Cos Remitting Pay Overseas to Parent may Face FEMA Heat

Service tax authorities refer matter to RBI, enforcement directorate

Multinationals that have challenged service tax levies on salaries paid overseas to expats employed in India may be faced with a more fearsome challenge -scrutiny under the Foreign Exchange Management Act (FEMA), which deals with forex violations. Remitting the salary of anyone employed in India by an entity in the country in foreign currency is not permitted under FEMA, said an official. Service tax authorities have already referred the matter to the Reserve Bank of India and the Enforcement Directorate (ED), the person said.

Tax authorities contend that companies may have not declared payments as salaries to their employees in the country while seeking permission from RBI before making fund transfers. “Authorities need to ascertain how these transfers are being made,“ said the official cited above.

Typically, companies that employ expats pay a part of the salary in India while the rest is paid by the overseas parent. This money is then reimbursed by the Indian arm to the parent.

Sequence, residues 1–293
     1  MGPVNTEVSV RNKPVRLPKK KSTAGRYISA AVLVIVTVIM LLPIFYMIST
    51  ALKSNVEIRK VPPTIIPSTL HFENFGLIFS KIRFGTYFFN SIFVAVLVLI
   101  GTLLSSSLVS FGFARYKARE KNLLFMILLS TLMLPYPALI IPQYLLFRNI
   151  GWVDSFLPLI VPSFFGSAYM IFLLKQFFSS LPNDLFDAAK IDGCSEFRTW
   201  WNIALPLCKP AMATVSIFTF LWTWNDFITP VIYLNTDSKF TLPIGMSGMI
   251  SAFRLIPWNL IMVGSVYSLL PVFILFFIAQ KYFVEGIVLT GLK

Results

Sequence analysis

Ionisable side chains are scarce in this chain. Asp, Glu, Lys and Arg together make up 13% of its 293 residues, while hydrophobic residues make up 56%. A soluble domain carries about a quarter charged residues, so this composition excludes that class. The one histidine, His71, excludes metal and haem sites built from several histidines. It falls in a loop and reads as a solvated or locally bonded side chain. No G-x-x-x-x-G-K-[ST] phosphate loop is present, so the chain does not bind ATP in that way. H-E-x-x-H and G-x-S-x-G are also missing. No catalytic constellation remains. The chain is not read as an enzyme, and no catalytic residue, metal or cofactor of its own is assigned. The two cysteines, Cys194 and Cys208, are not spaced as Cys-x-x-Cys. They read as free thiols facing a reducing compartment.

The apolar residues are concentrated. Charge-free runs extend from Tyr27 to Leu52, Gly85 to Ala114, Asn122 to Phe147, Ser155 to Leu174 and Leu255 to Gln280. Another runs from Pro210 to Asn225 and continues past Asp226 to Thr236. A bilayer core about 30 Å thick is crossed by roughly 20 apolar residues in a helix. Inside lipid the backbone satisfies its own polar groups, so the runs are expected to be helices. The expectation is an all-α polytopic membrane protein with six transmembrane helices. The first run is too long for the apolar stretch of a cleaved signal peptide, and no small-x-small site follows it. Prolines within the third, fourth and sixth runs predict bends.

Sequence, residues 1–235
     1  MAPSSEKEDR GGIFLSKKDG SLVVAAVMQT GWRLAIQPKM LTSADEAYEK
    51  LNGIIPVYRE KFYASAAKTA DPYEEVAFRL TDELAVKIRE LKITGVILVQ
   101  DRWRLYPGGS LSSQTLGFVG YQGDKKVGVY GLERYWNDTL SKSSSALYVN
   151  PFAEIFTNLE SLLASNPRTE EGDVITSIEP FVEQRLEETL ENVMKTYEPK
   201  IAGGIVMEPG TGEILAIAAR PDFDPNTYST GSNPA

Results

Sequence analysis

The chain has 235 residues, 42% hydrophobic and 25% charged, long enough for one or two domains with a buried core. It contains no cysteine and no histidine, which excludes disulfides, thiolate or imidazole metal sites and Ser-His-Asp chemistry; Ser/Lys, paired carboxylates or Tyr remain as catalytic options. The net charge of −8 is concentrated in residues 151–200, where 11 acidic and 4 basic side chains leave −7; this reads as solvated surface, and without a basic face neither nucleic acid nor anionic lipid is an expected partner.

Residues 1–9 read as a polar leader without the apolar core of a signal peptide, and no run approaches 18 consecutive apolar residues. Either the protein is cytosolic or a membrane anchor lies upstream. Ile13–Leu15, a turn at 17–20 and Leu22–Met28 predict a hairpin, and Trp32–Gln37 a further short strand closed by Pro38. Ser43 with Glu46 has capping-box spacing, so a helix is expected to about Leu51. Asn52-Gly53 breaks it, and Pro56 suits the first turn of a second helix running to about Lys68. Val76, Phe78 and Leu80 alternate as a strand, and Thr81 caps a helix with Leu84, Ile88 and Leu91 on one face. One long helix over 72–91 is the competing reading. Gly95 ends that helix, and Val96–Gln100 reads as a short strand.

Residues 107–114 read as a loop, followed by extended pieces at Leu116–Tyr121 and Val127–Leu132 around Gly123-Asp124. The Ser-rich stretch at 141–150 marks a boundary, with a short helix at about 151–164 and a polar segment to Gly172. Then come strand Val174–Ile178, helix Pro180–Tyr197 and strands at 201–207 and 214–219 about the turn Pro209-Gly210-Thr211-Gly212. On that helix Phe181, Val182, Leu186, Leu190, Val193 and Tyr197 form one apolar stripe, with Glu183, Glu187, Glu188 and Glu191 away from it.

Tax authorities, after closely scrutinising payments made to foreign parent companies, had argued that they were liable to service tax on this as these were in the category of `manpower supply services'. A taxable service was being rendered by a foreign company to an Indian company. Service tax was levied on the payment made to the foreign parent by the Indian arm, since it was regarded as import of service under the reverse charge mechanism.

Show-cause notices were issued to a number of companies by the audit wing of the service tax department. The companies contested this, arguing that these were payments to their own employees for work in India. This argument of theirs has raised red flags.

Tax experts said the matter needs to be explained as India is keen to attract foreign capital and needs expertise in many sectors.

“We need clarity in law as secondment of employees is a popular practice among MNCs,“ said Bipin Sapra, partner at EY. He said some judicial pronouncements had in fact given relief to companies on levy of service tax.

With a number of foreign investors setting up base in the country, India has become an attractive destination for expat postings. A 2014 HSBC survey said sectors such as telecommunications, information technology and Internet accounted for 21% of total expats, followed by construction and engineering at 19%.

The Economic Times New Delhi,21st April 2016